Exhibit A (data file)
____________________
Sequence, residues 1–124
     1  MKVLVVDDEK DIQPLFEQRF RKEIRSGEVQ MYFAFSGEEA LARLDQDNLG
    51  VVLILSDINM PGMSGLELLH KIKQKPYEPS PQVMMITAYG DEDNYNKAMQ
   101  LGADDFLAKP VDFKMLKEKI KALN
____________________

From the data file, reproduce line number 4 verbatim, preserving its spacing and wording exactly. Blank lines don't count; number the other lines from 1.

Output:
   101  LGADDFLAKP VDFKMLKEKI KALN